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328 THE CANADIAN HISTORICAL REVIEW Mussoliniand Fascism:The View [rom ,4merica.JOHNP. DIOOINS. Princeton, NJ, PrincetonUniversityPress[Toronto, Saunders], •97•. PP. xx, 524, illus. $•8.•5. This is a sprawling,vastlydetailedsurveyof the reactions to Italian fascism and the figureof Mussoliniheld by a varietyof Americans, from intellectuals to bankers and old-stock nativesto recentimmigrants from Italy itself.Diggins beginswith a subfiestatementof the contrasting imagesof Italy already crystallized by I9•o: the'romantic' visionof thehistoric centreof Western art and indeedof Westerncivilizationand civility, and the 'nativist'visionof contemporary Italiansat homeor in Americaasa 'colourful'but still lesser humanbreedwhenjudgedby Protestant-republican norms.The valueof this contrastis not seriously diminished by his apparentbeliefthat nativismis a peculiarlyAmericanphenomenon, nor the failure to makeclearthat writers likeHenryJames couldholdbothimages at thesame time. Diggins'sexcellentaccountof intellectualresponses (an earlierversionof which appearedas 'Flirtation with Fascism,' ,4roerican HistoricalReview, •.xx•,Jan. i966, 487-5o6) shows howthe fascist facadeof solidarity, discipline, and moral purpose couldappealto progressives disillusioned by the apparent declineinto privatistmaterialismat home. Perhapsmostoriginalis Part m, 'Fascism and War,' which rangesfrom a surveyof opinionpollsthroughan analysis of Hersey'snovel,4 Bell [or ,4danoand reactions to the murderof Carlo Trescato a perceptive brief treatmentof the intellectualindustryof studyingfascism. And many other topics;the book'sorganizational problems are severe,but its diffuseand sometimes kaleidoscopic characterdoesnot depriveit of greatinterest andutility. The principalvalue,however,doeslie in the denseand variedtextureof data rather than in the explanatoryhypotheses scatteredthroughthe book. Indeed,someof thesesweeping interpretivepassages raiseserious questions aboutthe stateof culturalhistoriography in the United States. A sample may illustrate:'Surelya morefruitfulapproach isto understand America's fascination with Mussolini not asconscious ideology but asa reflection of the social and cultural contextof the period and the psychicneedsof the American people'(p. 69). Earlier, Digginshad shownthe skillwith whichthe Italian government andits Americanagents andsympathizers manipulated the ItaloAmericanpressand somecommunalorganizations, as well as a numberof mainstream journalists and publishers. Why, then,jump from suchevidence, via a countof the articleson Mussolinias compared to Stalinlistedin the Reader'sGuide, to flat assertion of a national'fascination' and the needfor a psycho-cultural interpretation? Diggins isfondof group-mind interpretations of large classes-Italo-Americans, Americans, even 'America'-so that he summarizesobservers ' estimates of divisions of opinionwithin the Italian community ,but a fewpages awayoffers an absolutist psychological explanation of their pro-fascist sentiments which is undermined by the existence of large numbers of anti-fascist Italo-Americans. REVIEWS 329 It wouldbe unfair to ascribe thesedeficiencies of logicand evidence to a singleauthor, sincethe bookdisplays a styleof scholarship, dubbed'documentedimpressionism ' bya writerin theTimesLiterarySupplement years ago ('ImaginativeHistorians,' The AmericanImagination:a criticalsurveyof the Arts from the TimesLiterarySupplement(London •96o), eo3-•o) whichhas become increasingly familiarin American historiography. In Diggins's version, a varietyof data is followed(sometimes preceded)by a sweeping generalization , sometimes from one or two cases but at othersapparentlyfrom the author'sreadingin socialscience. This generalization about the attitudesor behaviour of a class is then explained in termsof culturaltensions, psychic needs,etc. The hastyrecourse to 'depth'analysis raisesthe question whether historians should not try to develop a logicalorderof explanatory hypotheses. Beforetaking the breathless plungeinto the assumed depthsof the collective psyche, wemightfirstseehowfar we cangowith morerational (and therefore probably moreverifiable)explanations. It istruethat thematerials of culturalhistoryare at the sametimesovaried, extensive yet fragmentary,and opento multipleinterpretation,that the field may neverbe ableto achieverigorous verification of its subtlerinsights. Our situationof interpretiveanarchyhasbeencreatedin part by the ambitionto explorenewdimensions of dataandmeaning,aswell asby the loss of faith in an objectively knowable worlddistinctfrom our ownperceptions and preferences . Paradoxically, the desireof historians to useexplanatory modelsfrom socialscience hashelpedto makethe field less'scientific' and more 'artistic,' that is,less dependent uponstrictpublicrulesof evidence and logic,andmore dependent on coherence, elegance, andthespontaneous feelingof illumination. Still, theremustremainthe obligation to apply commonsense and precise statement to our cherished gener/dizations, and to be awareof the line between whatcanbeprovedandwhatremains conjecture. Withal,Diggins's bookremains animpressive collation of dataandsuggestive insights, whichwill prove valuable to anystudent of twentieth century politics and culture. F.H. MATTHEWS York University UNITED STATES The Iroquoisin the AmericanRevolution.BAm•ARA O•.AVZaO•T. Syracuse, Syracuse University Press [Toronto, Bums& MacEachem], I97e. PP.xii, 343, illus.$13.95At firstglance thisbookappeared tobejustanother study of thepolitical and militarysideof the American Revolution-and a ratherfloridlyold-fashioned one at that, offeringsuchbitsof rhetoricas 'the Americans struggling to be ...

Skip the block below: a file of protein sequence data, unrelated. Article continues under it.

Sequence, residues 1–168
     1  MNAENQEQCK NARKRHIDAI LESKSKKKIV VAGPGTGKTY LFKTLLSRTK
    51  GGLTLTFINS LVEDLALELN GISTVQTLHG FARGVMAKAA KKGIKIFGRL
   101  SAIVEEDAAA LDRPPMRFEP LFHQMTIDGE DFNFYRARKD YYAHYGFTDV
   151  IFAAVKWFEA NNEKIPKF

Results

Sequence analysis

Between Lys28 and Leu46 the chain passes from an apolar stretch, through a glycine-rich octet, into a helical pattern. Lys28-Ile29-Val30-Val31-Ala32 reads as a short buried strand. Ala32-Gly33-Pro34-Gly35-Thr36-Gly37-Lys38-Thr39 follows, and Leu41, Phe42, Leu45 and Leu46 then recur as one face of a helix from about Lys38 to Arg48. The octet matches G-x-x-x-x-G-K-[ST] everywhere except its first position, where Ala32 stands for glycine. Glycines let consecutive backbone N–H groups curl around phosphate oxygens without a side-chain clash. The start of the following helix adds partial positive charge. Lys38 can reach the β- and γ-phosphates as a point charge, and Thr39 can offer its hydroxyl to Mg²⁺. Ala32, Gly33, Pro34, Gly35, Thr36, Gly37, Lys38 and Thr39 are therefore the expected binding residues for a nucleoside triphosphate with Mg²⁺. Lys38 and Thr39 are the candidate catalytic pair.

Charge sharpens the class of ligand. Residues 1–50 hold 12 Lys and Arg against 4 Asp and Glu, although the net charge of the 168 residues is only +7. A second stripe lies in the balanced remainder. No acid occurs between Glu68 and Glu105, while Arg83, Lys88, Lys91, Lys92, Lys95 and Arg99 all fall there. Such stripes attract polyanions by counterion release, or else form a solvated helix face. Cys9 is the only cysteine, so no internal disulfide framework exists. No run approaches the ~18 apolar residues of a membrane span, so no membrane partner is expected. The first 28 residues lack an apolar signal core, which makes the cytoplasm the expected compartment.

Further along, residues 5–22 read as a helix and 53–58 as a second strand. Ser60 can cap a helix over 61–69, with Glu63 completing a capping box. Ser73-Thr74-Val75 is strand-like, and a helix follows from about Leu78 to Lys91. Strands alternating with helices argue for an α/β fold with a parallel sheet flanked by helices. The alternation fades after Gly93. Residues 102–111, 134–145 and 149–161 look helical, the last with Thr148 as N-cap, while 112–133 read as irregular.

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Additional Information

ISSN
1710-1093
Print ISSN
0008-3755
Pages
pp. 328-329
Launched on MUSE
2016-04-06
Open Access
No
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